Because the root traits were closely associated with one another, some SNPs were simultaneously detected in multiple traits. For example, 9, 29, and 21 SNPs were significantly associated with two or more root traits under IHC, OHC, and OPC, respectively, and they were distributed on all chromosomes except for 1A. Moreover, five SNPs associated with three root traits were detected under OHC, and only one was found under OPC (Supplementary Table 6).

Haploblock Analysis and Candidate Genes of TRL

LD and haploblock analyses were performed for the co-localization interval 737.85–742.00 Mb on chromosome 4A, which was associated with TRL across three growing environments. And accessions with superior alleles at three growing environments showed longer TRL than others. At r2 = 0.1, two blocks were clearly separated along this 5-Mb region (Supplementary Figure 5). Further analysis showed that these two blocks were located at the physical positions 738.86–739.51 and 742.17–742.33 Mb, which contained 18 and nine genes, respectively. Then, 24 and eight orthologous genes in other species were identified in Oryza sativa L. and Arabidopsis, respectively (Supplementary Table 7). These genes encode proteins involved in growth development, carbon metabolism, energy metabolism, and plant resistance. Among them, TraesCS4A02G484200, TraesCS4A02G484800, TraesCS4A02G493800, and TraesCS4A02G493900 showed high expression levels in roots at three growth stages (Figure 3 and Supplementary Table 8). TraesCS4A02G484200 encodes a yippee domain protein, TraesCS4A02G493900 encodes a member of the leucine-rich repeat domain superfamily, TraesCS4A02G493800 encodes a member of the F-box-like domain superfamily, and TraesCS4A02G484800 encodes the glycoside hydrolase family 32 protein. These genes might be involved in regulating root growth and development.


Figure 3. Expression patterns of genes in different wheat organs at three growing stages. TraesCS4A02G484800 (A), TraesCS4A02G494200 (B), TraesCS4A02G 493800 (C), and TraesCS4A02G493900 (D).


Influence of Different Growing Environments on Wheat Root Development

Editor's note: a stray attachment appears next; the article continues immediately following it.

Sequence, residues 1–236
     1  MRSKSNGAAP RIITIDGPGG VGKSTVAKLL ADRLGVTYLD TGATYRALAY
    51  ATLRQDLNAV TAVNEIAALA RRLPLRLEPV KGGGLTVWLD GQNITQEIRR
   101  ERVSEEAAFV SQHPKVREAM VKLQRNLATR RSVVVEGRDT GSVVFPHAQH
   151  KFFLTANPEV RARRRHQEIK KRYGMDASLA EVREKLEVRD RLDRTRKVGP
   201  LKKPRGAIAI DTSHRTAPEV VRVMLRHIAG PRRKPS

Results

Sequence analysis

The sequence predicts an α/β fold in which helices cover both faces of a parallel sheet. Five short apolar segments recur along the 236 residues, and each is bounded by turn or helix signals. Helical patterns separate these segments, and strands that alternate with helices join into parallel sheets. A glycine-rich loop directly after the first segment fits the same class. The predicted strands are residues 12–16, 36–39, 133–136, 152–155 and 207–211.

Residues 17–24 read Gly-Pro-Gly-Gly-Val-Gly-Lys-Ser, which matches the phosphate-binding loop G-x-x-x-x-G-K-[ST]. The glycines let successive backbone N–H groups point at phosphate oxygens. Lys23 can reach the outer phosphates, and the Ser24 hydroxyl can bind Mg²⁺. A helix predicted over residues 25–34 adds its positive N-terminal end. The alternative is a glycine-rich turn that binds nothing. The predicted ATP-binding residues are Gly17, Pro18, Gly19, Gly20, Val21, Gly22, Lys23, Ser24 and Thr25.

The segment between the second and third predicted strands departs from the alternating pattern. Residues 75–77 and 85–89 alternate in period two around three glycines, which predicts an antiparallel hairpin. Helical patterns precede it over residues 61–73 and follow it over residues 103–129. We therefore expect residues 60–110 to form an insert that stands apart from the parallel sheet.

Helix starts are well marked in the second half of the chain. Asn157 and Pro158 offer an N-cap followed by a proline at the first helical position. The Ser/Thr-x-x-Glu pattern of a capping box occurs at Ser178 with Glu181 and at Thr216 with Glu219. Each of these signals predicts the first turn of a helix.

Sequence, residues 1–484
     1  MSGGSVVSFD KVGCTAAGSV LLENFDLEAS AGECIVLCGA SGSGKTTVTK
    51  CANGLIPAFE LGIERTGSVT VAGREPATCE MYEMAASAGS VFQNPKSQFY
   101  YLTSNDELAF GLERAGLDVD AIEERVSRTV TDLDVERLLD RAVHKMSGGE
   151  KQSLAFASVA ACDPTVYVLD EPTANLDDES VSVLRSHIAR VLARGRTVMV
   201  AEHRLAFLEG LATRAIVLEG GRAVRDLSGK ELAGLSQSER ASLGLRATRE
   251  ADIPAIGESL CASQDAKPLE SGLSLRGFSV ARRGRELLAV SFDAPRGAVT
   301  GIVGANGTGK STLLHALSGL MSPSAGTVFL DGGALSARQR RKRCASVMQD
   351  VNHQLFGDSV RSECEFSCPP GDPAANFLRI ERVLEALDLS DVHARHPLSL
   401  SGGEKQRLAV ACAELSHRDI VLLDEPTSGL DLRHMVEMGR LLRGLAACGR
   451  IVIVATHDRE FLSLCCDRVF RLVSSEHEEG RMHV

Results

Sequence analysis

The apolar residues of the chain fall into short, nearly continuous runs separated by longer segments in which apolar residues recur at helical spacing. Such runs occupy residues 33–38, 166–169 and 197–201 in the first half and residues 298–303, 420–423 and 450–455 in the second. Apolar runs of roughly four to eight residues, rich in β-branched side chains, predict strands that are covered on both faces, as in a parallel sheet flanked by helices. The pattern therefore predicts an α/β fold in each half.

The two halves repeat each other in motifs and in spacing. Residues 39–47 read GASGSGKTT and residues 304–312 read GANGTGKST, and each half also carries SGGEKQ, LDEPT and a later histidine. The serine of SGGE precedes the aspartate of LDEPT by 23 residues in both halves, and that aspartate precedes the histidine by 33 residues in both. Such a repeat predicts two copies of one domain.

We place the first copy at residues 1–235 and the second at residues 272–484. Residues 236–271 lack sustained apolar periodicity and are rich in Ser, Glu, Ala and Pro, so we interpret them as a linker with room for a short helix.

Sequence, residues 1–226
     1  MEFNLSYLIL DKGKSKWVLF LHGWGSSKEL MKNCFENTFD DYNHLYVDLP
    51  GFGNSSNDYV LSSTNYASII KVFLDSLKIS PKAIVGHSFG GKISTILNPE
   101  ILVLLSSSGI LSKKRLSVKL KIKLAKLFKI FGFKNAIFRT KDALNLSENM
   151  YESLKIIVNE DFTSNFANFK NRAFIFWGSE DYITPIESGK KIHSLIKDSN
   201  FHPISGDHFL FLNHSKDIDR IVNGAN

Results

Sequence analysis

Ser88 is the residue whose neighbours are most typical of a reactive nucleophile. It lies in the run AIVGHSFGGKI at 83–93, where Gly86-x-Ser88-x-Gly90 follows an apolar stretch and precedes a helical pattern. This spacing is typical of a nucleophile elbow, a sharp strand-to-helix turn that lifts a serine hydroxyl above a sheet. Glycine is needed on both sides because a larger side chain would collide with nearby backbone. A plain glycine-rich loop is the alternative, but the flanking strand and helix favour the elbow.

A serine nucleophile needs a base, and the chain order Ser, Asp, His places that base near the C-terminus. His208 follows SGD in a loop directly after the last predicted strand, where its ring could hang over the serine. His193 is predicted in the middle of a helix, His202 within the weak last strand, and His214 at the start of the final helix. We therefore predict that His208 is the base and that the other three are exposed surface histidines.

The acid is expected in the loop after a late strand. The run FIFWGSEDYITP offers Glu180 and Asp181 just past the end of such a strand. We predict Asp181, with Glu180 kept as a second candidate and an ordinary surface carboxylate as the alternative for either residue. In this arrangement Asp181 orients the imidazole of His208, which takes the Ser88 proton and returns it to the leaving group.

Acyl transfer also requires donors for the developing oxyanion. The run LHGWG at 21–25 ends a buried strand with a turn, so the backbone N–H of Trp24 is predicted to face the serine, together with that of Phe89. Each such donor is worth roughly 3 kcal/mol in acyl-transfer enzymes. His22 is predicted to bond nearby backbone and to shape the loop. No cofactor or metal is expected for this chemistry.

The methods used to acquire root system data for crops have always been a focus in root studies. Currently, approaches are primarily divided into two categories: field and glasshouse identification (Neumann et al., 2009). Lopes and Reynolds (2010) used soil core sampling in the field to confirm a relationship between deep roots and yield across genetic differences in eight wheat sister lines under drought stress. Li et al. (2019) showed that deep-rooted accessions had lower canopy temperatures and higher grain yields than those with shallow roots as indicated by soil column testing. Field identification is labor intensive and time consuming, so it is not suitable for large-population root identification. Researchers have adopted hydroponic culture (Ayalew et al., 2016), gel-filled chambers (Christopher et al., 2013), germination bags (Robertson et al., 1979), and pots (Cao et al., 2014), to identify the seedling root traits in an artificial climate chamber and to find some QTLs or genes important for root development to overcome these challenges. Glasshouse identification may not be reflective of root development in a complex field environment, and it is difficult to apply to the study of root system in growth stages (Fang et al., 2009). Bai et al. (2019) reported a weak that correlation between the laboratory-based root length and field-based root depth across 2 years.